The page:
Good Bank/Bad Bank Under TARP

Initially the Troubled Asset Relief Program (“TARP”) was designed to act essentially like a Bad Bank purchasing and aggregating toxic assets from participating banks. Using an initial $350 billion, TARP would operate as a revolving purchase facility to buy troubled mortgage- related assets and other problem holdings from financial institutions. The government would then either (i) sell those troubled assets at auction to private investors and/or companies or (ii) hold the assets and collect the “coupons.” Funds received from such sales and from the held coupons would go back into the pool to facilitate the purchase of additional troubled assets.

When it became clear that the economy was slowing much more rapidly than experts had initially thought, the original structure of TARP, as a Bad Bank set up, was discarded. In its place, Treasury established a plan that provided for an infusion of cash to certain financial institutions, holding companies and insurance companies in the form of preferred stock and subordinated debt purchases. Today, it appears that the Bad Bank idea under TARP has come full-circle based on the Obama administration's economic team’s recent statements.

Issues With the Good Bank/Bad Bank Proposal

As evidenced by Sen. Chuck Schumer's statement above, the total cost of the Bad Bank program remains speculative with some estimates running as high as between $3 and $4 trillion. As of September 2008, Federal Deposit Insurance Corporation (“FDIC”) insured banks held approximately $13.8 trillion in assets, with $7.7 trillion in loans, with $1.3 trillion in equity. Clearly, the $350 billion of remaining TARP funds would not support the amount of bad assets in the system. The Treasury and the current administration must invent creative solutions to achieve the goals of removing the bad assets from the bank’s balances sheets, provide borrower relief and recoup some of the money expended on the purchase of the toxic assets. All of this is driven by the need to minimize the impact on the budget and the deficit.

Key questions that remain unanswered are: how will the Bad Bank be structured; who will operate and manage it; which financial institutions would be permitted to sell their assets to the Bad Bank; how will those toxic assets be chosen; how will those assets be valued, either at current market valuation or at par; and, most importantly, how much will the Bad Bank program cost the taxpayers.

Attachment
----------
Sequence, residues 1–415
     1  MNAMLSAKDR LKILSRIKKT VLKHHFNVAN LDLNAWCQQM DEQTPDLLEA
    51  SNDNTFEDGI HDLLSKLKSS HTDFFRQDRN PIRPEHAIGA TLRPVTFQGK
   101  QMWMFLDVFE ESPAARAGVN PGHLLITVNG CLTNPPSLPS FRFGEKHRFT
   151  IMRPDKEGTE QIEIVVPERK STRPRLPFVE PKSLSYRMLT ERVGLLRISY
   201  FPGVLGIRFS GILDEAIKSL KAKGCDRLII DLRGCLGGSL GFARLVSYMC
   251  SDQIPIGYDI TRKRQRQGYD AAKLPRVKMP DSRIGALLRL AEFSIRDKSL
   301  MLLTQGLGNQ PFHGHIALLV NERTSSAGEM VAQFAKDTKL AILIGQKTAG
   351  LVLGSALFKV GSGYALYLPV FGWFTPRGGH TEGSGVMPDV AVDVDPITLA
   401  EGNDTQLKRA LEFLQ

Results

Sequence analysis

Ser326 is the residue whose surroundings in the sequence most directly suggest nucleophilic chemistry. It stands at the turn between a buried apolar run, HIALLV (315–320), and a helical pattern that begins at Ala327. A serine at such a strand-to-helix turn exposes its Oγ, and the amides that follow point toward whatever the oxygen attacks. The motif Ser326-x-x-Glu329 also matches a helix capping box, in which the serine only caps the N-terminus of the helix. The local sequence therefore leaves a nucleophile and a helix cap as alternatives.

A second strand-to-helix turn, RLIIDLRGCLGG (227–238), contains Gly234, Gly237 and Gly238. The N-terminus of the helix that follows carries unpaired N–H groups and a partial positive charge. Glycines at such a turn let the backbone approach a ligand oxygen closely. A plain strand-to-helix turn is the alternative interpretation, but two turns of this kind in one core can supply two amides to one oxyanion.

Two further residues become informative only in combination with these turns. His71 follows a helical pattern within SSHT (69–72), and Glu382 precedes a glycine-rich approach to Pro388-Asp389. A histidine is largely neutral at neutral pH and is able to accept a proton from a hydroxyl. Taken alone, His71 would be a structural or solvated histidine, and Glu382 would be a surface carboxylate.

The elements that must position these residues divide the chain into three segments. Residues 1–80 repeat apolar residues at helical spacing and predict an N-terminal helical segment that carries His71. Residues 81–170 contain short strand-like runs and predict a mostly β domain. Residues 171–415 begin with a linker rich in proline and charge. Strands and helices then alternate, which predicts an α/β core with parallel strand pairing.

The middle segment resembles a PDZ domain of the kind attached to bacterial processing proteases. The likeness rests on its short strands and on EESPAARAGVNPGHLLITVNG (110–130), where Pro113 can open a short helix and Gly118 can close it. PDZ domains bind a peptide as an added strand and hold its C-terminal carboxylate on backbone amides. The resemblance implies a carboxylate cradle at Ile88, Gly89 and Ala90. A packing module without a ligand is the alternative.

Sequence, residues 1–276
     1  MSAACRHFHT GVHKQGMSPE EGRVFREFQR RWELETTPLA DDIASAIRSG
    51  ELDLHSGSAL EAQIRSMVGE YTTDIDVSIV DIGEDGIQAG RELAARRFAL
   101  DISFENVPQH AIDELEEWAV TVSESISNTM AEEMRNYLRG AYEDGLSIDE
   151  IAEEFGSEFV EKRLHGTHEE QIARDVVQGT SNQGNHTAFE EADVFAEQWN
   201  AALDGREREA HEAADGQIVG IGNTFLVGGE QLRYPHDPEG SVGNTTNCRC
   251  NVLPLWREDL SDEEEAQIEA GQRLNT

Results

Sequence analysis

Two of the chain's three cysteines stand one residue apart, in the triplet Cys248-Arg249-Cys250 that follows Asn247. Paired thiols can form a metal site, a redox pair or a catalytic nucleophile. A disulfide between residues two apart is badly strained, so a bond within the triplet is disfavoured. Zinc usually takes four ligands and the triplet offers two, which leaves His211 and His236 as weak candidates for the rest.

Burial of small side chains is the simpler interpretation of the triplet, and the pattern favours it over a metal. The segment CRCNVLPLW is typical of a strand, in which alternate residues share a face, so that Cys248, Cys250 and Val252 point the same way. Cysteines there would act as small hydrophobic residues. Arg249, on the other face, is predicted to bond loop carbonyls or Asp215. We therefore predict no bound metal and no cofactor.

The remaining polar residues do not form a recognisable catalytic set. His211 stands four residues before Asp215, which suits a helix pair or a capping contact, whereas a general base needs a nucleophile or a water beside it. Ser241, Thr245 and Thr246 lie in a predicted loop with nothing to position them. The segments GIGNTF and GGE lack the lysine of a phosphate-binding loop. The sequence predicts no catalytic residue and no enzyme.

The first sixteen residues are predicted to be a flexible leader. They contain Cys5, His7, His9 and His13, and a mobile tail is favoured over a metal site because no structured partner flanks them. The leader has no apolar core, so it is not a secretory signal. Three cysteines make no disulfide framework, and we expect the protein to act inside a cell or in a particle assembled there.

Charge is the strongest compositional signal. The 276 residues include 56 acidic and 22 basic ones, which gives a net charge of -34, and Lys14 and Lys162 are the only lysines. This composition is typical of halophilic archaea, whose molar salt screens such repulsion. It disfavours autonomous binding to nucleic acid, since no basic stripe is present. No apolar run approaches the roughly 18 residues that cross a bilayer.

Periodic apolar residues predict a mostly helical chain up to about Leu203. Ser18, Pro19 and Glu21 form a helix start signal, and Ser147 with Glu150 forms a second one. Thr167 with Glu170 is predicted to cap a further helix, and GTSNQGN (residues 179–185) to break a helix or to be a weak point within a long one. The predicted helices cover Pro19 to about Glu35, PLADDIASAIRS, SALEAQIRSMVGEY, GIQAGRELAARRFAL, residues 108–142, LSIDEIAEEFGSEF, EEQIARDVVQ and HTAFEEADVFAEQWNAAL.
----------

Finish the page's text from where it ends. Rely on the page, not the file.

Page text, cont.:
A current report on the proposed structure of the Bad Bank suggests that the FDIC may manage the Bad Bank. FDIC Chairman Sheila Bair avers that the FDIC is in the best position to run and finance the Bad Bank program because it could issue bonds backed by the FDIC. It remains to be seen what competing arguments are presented to the Obama administration by either Treasury, the “OCC” or the Federal Reserve in a turfbattle over management of the Bad Bank. It is entirely possible that Treasury will insist on an independent agency staffed with Treasury-recommended appointees with the power to outsource many of the asset management and disposal functions to other government agencies such as the FDIC, FannieMae and FreddieMac.

The Bad Bank would most likely take the shape of, and operate along the lines of the RTC, which was the instrument used to clean up the S&L crisis of the 1980s and early 1990s. While equity partnerships could be re-introduced to maximize and recoup the taxpayers' investments, a key difference is that the Bad Bank would not oversee failing financial institutions with the intent to liquidate bad assets and wind up the bank. Rather, the goal is to absorb the toxic assets from the banks' balance sheets while the banks nurse themselves back to health.

Another key issue is what sort of regulatory scheme would be introduced to clean up the management practices of those banks selling their bad assets to the Bad Bank. In the 1980s, the Phoenix program was utilized by the Federal Savings and Loan Insurance Corporation (“FSLIC”) to combine one or more distressed S&Ls into a single operating unit which could then be rehabilitated or merged, with FSLIC then infusing capital in the Phoenix institution. As part of a S&L’s reorganization under the Phoenix program, the S&L's board was removed and new management was appointed to run the improved Phoenix institution. The Phoenix institutions were established only after all other options to find other merging institutions were exhausted and liquidation was the only alternative. The result of forming a Phoenix Bank was that it was cheaper and less politically volatile for the FSLIC than paying out insurance to accountholders and liquidating the S&L.

The Bad Bank initiative is intended, in part, to open the door for regulators to modify troubled mortgages, which are the root of the banking crisis and rising home foreclosures. At issue is how the bank bailout and the Bad Bank regime would help troubled homeowners. Presumably, the Bad Bank’s purchase of troubled assets would include troubled mortgages. As such, many troubled homeowners could be dealing with the federal government in an attempt to save their homes from foreclosures. A nationwide temporary moratorium on foreclosures could result, with borrowers given options to modify their loans and reduce their payments.

The IndyMac bank failure and the FDIC's response may provide precedent for a nationwide temporary moratorium on foreclosures by the government. As part of the Indy Mac seizure, FDIC Chairman Bair introduced a 38 percent solution, which puts a cap at 38 percent of a borrower's income that can be applied to mortgage, tax and insurance payments. It included a step-by-step process of evaluating mortgages and reducing payments below the 38 percent threshold and thereby avoiding foreclosures. The IndyMac model essentially lowered homeowners' payments to thirty-eight percent (38 percent) of their income by lowering the interest rate to a set fixed amount (around 6.5 percent). Concomitantly, the terms of the loan could also be extended by as much as 10 additional years. Also, the IndyMac model provided for forbearance on the principal that would be repaid when the home is eventually sold or refinanced.